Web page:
Wednesday, June 29, 2005

Colourful Saturdays

Haven’t blogged in a while. Not that I was busy. I never am. In fact, that’s one of my major cribs in life-never being busy. I look around and see my friends busy doing whatever they do-long office hours, too tired to get drunk and puke in the weekends and all that sort of thing.

Although Saturdays are getting increasingly interesting. On weekdays, I come back home by seven in the evening. Come Saturday and I happily gallop back home by three. But not for the last two Saturdays. Thanks to my flatmate, who wants the flat to be vacant till six. Why, I asked? Was it because he wanted to practice occult magic in peace? Or maybe because he plays the obo on Saturdays?

Apparently, not. The reason is altogether different. Let’s not get into that.

So, to allow him to follow his pursuits in peace, I ended up watching two Hindi flicks-D and Parineeta. Now, I generally avoid watching Hindi movies on screen. Firstly, with tickets prices much higher than what they used to be, watching a Hindi movie is a risky investment. Given the high proportion of trash (71%) that gets released, there is a 71% probability that the ROI is going to be negative. Sounds snooty, I know. All this talk about Hindi movies being trash. But the harsh truth is this-forget all the new stuff that’s been happening; all this big hoopla about fresh ideas and bold approaches is nothing but bull, considerable bull. The cleavage view has improved, probability of watching an on-screen kiss has gone up by 300%, but that’s about all-the acting is still shoddy, direction and script often non-existent.

Of course, D and Parineeta are better than the average fare. In D, it seemed as if the film had different directors for the pre-interval and the post-interval phases. Till the interval, the movie had a fresh feel-good editing enlivening the pace, sharp acting and a well-written script. But after the interval, the movie moves aimlessly-the director who seems to take over is pretty sad.

Parineeta is also plagued by the same disease-of being directed by two different directors. The movie is excellent in parts-good music, very decent acting from Saif and Vidya Balan, though Sabyasachi, otherwise an excellent actor, didn’t pull off the role of the perennially villainous father too well.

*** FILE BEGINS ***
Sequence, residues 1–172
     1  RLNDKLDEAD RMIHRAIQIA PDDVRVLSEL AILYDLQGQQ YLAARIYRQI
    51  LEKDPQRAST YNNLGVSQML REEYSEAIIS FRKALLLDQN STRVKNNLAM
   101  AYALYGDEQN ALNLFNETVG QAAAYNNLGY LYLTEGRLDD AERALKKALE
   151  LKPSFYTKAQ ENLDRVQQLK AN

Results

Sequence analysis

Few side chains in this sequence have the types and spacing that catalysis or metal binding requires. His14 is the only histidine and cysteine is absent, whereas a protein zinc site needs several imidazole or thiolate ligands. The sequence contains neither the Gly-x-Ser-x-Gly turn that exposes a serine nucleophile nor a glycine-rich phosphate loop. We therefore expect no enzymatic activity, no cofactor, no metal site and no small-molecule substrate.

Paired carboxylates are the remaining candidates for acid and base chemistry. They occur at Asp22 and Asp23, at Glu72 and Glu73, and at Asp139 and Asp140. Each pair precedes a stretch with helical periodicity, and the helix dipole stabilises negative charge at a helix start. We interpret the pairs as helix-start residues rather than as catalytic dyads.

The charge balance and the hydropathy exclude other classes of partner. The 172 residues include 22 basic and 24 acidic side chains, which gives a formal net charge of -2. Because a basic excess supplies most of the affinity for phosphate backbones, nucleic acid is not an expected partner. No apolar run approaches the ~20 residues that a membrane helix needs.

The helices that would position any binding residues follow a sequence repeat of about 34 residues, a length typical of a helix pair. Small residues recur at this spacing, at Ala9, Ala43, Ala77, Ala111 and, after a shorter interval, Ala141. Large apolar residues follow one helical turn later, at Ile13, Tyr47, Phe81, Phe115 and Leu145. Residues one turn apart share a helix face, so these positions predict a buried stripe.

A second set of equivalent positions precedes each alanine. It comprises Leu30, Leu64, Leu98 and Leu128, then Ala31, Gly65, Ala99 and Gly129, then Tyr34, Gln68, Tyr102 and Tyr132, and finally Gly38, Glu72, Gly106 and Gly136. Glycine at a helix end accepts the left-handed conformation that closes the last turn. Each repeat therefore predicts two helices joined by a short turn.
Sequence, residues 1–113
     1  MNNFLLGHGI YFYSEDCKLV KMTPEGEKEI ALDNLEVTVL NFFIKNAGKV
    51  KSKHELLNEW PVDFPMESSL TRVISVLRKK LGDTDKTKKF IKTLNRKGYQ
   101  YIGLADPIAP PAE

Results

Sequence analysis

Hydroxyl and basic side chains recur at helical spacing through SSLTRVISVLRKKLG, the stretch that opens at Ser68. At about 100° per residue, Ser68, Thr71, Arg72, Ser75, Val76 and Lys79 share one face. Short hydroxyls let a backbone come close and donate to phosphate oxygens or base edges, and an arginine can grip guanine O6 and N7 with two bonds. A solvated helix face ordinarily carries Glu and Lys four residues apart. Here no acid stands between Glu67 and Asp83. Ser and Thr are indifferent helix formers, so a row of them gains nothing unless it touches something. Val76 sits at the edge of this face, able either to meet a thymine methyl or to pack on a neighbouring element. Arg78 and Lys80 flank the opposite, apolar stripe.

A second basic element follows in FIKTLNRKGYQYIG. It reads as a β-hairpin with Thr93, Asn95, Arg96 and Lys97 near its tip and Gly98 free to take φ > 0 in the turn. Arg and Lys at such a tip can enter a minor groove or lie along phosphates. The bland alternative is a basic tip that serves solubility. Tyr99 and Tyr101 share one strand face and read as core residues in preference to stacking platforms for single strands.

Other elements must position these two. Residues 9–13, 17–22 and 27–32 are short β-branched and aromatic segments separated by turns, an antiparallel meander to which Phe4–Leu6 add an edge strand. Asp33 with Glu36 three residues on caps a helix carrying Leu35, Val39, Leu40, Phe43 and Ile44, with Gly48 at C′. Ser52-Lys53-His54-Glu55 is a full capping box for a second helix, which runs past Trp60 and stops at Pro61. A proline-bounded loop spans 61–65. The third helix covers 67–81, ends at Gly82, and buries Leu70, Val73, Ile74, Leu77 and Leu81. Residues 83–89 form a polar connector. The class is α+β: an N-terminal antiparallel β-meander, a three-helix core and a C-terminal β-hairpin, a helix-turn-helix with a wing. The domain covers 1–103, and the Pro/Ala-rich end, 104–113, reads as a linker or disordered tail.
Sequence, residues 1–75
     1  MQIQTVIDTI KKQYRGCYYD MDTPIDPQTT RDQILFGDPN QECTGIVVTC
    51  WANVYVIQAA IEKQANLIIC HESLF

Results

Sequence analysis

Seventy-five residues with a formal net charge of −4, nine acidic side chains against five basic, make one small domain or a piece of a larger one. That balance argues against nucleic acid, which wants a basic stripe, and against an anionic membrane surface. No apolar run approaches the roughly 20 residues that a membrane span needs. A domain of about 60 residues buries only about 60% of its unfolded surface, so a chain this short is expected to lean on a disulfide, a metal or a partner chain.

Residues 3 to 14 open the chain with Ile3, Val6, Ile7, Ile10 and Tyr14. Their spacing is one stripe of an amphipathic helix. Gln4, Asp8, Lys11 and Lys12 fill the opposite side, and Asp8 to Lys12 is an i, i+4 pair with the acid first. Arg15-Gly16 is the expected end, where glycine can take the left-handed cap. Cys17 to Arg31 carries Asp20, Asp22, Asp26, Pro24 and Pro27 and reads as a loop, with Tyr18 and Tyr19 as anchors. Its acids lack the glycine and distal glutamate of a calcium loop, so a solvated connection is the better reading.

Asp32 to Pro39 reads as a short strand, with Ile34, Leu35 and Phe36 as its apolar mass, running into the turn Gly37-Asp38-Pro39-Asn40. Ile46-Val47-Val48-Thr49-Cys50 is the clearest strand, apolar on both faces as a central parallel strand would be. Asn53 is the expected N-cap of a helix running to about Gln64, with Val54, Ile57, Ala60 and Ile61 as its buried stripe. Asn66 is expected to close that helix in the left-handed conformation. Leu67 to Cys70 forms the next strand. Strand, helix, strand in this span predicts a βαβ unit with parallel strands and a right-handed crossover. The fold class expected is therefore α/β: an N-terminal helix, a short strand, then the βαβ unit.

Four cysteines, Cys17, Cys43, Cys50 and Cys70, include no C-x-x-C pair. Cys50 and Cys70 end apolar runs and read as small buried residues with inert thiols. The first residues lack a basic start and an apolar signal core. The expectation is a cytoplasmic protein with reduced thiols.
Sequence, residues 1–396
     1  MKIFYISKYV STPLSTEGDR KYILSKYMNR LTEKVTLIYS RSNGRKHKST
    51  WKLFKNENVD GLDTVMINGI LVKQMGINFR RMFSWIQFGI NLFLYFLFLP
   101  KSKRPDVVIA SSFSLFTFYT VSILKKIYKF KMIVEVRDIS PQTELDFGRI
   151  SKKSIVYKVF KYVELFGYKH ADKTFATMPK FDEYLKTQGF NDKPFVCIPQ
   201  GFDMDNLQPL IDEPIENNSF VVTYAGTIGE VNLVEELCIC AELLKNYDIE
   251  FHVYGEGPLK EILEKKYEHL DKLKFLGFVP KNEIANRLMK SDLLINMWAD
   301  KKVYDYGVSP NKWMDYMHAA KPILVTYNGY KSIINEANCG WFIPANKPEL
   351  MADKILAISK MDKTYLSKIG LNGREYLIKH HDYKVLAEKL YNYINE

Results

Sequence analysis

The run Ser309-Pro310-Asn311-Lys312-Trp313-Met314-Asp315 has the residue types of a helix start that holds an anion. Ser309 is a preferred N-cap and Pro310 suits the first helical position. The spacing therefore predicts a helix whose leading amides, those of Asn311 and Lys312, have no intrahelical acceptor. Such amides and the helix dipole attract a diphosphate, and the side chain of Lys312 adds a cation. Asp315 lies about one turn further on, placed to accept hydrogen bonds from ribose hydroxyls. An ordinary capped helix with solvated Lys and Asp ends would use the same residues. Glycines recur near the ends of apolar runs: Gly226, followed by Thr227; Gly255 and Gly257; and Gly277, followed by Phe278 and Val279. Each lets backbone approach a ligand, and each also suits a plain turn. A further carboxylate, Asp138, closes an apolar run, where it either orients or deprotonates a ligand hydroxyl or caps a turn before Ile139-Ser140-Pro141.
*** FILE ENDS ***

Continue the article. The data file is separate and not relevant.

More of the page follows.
The funniest thing about Saratchandra’s books remade into films is that the directors do not seem to realise that the author’s works are rather melodramatic on their own. Which is why you don’t need to add sugar (or glycerine) to already sweetened (or glycerined) coffee. Those who have read Devdas or Parineeta would know that the melodramatic content in both novels is quite high and goes over the roof on several occasions. Saratchandra was light years ahead of his time; his vision of the future, where his books would eventually be made into Bollywood blockbusters, made him sweeten his coffee. But he didn’t know that directors would add lumps of their own.

The original storyline has been changed on several occasions in the film-which is perfectly okay, for directors often need to cinematise books. Satyajit Ray did it for quite a few of his movies, as have several other great directors. But where the director gets everything wrong is when he tries to further dramatise the ending-which is melodramatic on its own and could have just been followed blindly to produce the desired effect. Instead, he ends up recreating the Ambuja Cement Ad, only that this one’s far more hilarious.

Poor Saratchandra-one would have thought Parineeta was a tragedy. But, then again, great authors have been interpreted differently in different eras.

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Anonymous D said...

Get a Life!

5:44 PM  

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